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From the Editor
The end of a millennium is an occasion to review and take stock of past achievements. More important, it is also an opportunity to look forward and gauge the potential for future progress. This issue of Finance & Development seeks to do just that.
The stage for this review is set by John Kenneth Galbraith, the distinguished economist, who discusses some of the major challenges that face humankind as it enters the twenty-first century. He makes a plea for a closer international association as the key to improving life in the poorest countries and to fostering greater stability in the more developed countries.
The prospects for the global economy are analyzed by the IMF's area department heads. They assess the progress that has been made and the distinct challenges that must be overcome in each region to promote sustainable growth and, in the developing countries, to overcome the burden of poverty.
Several authors address the issues of globalization, development, and trade liberalization. Harold James takes a look at the danger posed by those who might react to, and seek to turn against, the workings of the open market economy. Shahid Yusuf analyzes the tensions between two seemingly opposed forces: while globalization has forced countries to focus on supranational issues, at the same time localization represents the growing demand for autonomy and political participation at the local level. William Dillinger and Marianne Fay review the benefits of decentralization and caution that certain preconditions must be met for it to succeed.
Two articles deal with the opportunities created by an open trading system. Simon Evenett sees all countries—developing as well as industrial—as benefiting from opening up their markets. While African countries can only gain by advocating open markets for their exports, Robert Sharer sees opportunities for them to make further progress by liberalizing their own trade regimes.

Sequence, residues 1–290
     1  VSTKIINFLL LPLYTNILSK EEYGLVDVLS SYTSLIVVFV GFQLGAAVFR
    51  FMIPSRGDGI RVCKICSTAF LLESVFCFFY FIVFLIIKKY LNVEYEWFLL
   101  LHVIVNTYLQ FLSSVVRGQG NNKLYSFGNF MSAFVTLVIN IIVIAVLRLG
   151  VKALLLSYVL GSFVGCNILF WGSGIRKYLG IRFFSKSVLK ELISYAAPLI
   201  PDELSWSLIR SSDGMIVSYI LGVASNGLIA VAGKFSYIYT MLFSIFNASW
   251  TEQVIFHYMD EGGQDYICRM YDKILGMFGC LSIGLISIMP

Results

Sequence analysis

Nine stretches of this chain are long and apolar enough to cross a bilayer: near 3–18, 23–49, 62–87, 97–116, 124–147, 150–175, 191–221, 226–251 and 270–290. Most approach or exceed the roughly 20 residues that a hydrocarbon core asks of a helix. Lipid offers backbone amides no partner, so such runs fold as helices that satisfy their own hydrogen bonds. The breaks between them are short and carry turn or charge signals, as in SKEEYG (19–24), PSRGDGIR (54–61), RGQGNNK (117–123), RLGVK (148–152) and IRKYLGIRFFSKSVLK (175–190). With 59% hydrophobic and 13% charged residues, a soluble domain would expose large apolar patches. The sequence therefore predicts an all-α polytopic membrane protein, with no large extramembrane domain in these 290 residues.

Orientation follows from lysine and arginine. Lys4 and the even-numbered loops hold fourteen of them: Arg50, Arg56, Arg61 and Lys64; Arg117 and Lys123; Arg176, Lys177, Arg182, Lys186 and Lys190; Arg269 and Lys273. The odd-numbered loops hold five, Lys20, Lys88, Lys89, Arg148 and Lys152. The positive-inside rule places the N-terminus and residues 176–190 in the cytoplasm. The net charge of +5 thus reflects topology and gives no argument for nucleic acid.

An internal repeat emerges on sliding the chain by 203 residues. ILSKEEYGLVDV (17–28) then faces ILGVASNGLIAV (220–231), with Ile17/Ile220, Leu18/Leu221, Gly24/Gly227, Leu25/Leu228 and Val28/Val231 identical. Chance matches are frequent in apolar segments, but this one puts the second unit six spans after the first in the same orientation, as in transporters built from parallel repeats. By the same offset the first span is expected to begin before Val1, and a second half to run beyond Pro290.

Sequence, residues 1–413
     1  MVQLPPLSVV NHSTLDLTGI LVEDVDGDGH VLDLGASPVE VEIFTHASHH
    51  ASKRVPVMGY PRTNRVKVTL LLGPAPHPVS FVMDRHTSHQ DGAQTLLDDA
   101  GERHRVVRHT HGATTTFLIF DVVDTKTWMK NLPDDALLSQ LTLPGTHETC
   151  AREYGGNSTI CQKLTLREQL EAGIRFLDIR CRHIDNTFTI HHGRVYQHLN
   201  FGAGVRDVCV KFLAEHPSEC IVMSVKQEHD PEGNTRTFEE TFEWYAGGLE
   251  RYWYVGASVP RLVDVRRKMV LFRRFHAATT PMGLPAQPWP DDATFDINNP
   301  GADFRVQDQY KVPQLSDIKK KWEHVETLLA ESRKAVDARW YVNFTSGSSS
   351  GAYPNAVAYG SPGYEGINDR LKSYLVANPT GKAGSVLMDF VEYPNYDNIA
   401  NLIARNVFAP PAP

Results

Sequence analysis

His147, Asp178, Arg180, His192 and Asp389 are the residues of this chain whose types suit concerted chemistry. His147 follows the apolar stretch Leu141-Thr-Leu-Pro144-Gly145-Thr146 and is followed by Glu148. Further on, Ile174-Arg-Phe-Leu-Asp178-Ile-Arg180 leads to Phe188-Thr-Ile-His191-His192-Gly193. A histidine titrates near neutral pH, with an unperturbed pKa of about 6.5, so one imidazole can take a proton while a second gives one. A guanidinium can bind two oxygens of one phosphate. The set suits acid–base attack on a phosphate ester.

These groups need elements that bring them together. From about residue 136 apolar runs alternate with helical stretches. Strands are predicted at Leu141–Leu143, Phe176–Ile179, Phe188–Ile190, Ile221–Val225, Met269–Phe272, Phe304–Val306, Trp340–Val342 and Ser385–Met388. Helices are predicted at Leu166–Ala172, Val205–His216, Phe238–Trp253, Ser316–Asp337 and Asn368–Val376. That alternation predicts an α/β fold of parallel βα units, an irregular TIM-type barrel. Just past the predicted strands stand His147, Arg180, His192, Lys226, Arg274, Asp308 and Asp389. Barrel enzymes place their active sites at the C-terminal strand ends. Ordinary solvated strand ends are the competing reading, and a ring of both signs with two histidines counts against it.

Other articles in this issue deal with a wide range of topics. The need for aid donors to establish human criteria in providing assistance is discussed by Paul Streeten, who calls for new policies designed to satisfy human needs and bring the world's poorest up to minimum income levels. The dramatic revolution created by the Internet and related technologies can, according to Don Tapscott and David Agnew, bring about a fundamental transformation in the structure and functioning of governments. Garry Schinasi, Burkhard Drees, and William Lee see the recent turbulence in financial markets as a salutary wake-up call, and they advocate a strengthening of the defenses against systemic risk. Michael Taylor and Alex Fleming draw on Scandinavian experience with integrated financial sector supervisory agencies and ask whether such integrated agencies would make equal sense in developing countries.
In our final article, Prabhat Jha, Joy de Beyer, and Peter Heller study the economic implications of the smoking plague. They conclude that, contrary to entrenched beliefs, policies to control tobacco use can bring large health benefits without harming economies.
Ian S. McDonald